Only when there is a deadly accident involving US Astro’s on a Russian craft with US Policy toward Russia change before CC is in use. Not until then.

    • Gary Warburton

      Good lord, how do these idiots stay elected?

      • Neil Shipley

        Well because to most people, space isn’t important.

        • Bennett In Vermont

          “… space isn’t important.”

          To “most people” (in Vermont), the property tax increase imposed by federally mandated but unfunded education requirements trumps what NASA is or is not doing this week. That, and trying to limit the “screen time” that their children experience daily, despite the fact that a Kindle with MineCraft is the most effective (but yet despite its creative attributes, is still a negative influence) “Nanny” of the western world…

          It’s a wonder that we have a space program at all, robotic OR human. Listening to NASA or our appropriators talk about “this here is what we’re gonna do” has become a prophecy of exactly what we, as a nation, are NOT going to do.

          Jeff Greason and Elon Musk are about all we space fanatics have of substance at this point. But it could be worse.

  • Hiram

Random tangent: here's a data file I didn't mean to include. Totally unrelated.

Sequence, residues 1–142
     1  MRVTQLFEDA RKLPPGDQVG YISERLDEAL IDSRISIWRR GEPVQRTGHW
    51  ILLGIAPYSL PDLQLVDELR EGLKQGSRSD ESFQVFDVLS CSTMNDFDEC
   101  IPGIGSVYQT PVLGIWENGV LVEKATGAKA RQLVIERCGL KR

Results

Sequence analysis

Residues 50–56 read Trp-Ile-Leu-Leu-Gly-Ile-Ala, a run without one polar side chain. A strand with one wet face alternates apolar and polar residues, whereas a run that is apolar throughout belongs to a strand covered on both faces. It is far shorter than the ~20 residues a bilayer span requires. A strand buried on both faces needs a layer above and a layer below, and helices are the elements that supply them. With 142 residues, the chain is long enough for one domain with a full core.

Does anyone know when we can expect to see the detailed “Budget Estimate” document for FY2015? That’s what Congress gets. It’s several hundred pages, and that’s where the meat is. What was released today were just broad-brush budget summaries. It is usually made available at the time of the budget briefing.

    • Hiram

      Um, that’s what the summary presentation by Beth Robinson was called. But that’s NOT the usual “Budget Estimates” document!

      • Ferris Valyn

        They are suppose to come out Friday or Monday next week, is what they said

        • Hiram

          Yes, I now understand that the budget release was going to be done in “two installments”. That’s a new one. Congressional Quarterly reported last week that summary levels for the President’s budget would be released on March 4, but more detailed information on individual programs would not come out until March 11.

  • Vladislaw

    On page 12 Mission launches (fiscal years 2014 – 2020)

    For the years 2018, 2019, 2020 they are only showing two commercial flights per year.

  • For those who missed it and have nothing better to do with your lives, I’ve posted on YouTube the audio of today’s budget teleconference: